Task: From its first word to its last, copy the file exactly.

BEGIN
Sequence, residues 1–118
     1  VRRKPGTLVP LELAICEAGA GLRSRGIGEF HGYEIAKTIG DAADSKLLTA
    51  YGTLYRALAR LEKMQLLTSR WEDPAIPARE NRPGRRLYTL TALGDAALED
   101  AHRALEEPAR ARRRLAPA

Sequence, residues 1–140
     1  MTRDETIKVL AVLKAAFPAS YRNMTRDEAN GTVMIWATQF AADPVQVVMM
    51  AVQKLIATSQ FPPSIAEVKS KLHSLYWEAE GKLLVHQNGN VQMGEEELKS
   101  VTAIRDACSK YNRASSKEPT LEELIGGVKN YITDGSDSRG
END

Sequence, residues 1–118
     1  VRRKPGTLVP LELAICEAGA GLRSRGIGEF HGYEIAKTIG DAADSKLLTA
    51  YGTLYRALAR LEKMQLLTSR WEDPAIPARE NRPGRRLYTL TALGDAALED
   101  AHRALEEPAR ARRRLAPA

Sequence, residues 1–140
     1  MTRDETIKVL AVLKAAFPAS YRNMTRDEAN GTVMIWATQF AADPVQVVMM
    51  AVQKLIATSQ FPPSIAEVKS KLHSLYWEAE GKLLVHQNGN VQMGEEELKS
   101  VTAIRDACSK YNRASSKEPT LEELIGGVKN YITDGSDSRG